The conflict over whether "high unemployment states" should be the only one's receiving Washington's largess, will be lost on every worker who is left out. The House didn't seem to have any problem seeing this logic, perhaps Senators need to get out more often.
At least one Senator seems to get it, Jeanne Shaheen, D-N.H., is planning to introduce a measure that would extend jobless benefits in all 50 states by 17 weeks.
"Distinctions in state unemployment rates may make sense in Washington, ... and they don't make sense to the 15 million unemployed workers nationwide who are struggling to get by and get back to work," said Shaheen.
Meanwhile The U.. Supreme Court has made a ruling regarding older workers that is likely to make it easier for employers to discard or demote them. The court raised the burden of proof for demonstrating age discrimination, ruling last term that a "mixed motive" including age as a factor was not strong enough evidence. Senators Tom Harkin and Pat Leahy are working with Rep. George Miller to pass legislation that would require employees to only prove that age had been a "motivating factor" in their termination or demotion.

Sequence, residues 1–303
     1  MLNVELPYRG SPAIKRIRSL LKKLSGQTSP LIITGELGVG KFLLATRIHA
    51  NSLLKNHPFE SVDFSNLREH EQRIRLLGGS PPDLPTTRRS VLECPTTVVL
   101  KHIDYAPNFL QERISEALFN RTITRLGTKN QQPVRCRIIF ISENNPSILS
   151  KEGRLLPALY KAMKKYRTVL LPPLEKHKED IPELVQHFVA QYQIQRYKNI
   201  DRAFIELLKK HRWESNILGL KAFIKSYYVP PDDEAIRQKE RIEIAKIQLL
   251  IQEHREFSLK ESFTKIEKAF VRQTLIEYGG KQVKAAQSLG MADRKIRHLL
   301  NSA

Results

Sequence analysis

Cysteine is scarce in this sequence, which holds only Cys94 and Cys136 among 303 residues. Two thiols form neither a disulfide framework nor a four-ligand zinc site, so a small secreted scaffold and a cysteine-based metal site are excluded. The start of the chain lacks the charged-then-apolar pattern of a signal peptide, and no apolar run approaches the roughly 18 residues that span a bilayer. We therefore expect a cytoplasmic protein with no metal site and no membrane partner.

According to the Wall Street Journal,
the Senate also addressed the effects of the court's opinion in Circuit City v. Adams, a 2001 decision that enlarged the reach of employees who are required to address disputes through arbitration rather than through the courts. At the hearing, Jamie Leigh Jones, who had worked for a former subsidiary of Halliburton (HAL), argued that arbitration can prevent important information from entering the public record. Jones said she was drugged and raped while working in Iraq in 2005 and has spent the past four years trying to get her case heard in court rather than in the arbitration she agreed to when she was hired.
"It's very apparent to me that corporations adopt arbitration as a way to wipe clean the record of disputes that arise," she said.
Sen. Al Franken offered an amendment to a defense bill that would restrict funding to contractors that require their employees to go through arbitration to settle sexual assault claims. In April, Sen. Russ Feingold, D-Wis., introduced a broader bill seeking to invalidate many binding arbitration clauses and return consumer, employment and civil rights disputes to the courts.
When Mark de Bernardo, executive director of the Council for Employment Law Equity, defended the use of arbitration as a faster and cheaper alternative to litigation, he faced sharp questioning from Franken.
"You said the net result of the use of arbitration is better workplaces," Franken said, cutting off de Bernardo's response. "She was drugged, she was raped, she had to have reconstructive surgery. If that's a better workplace, what was the workplace like before?"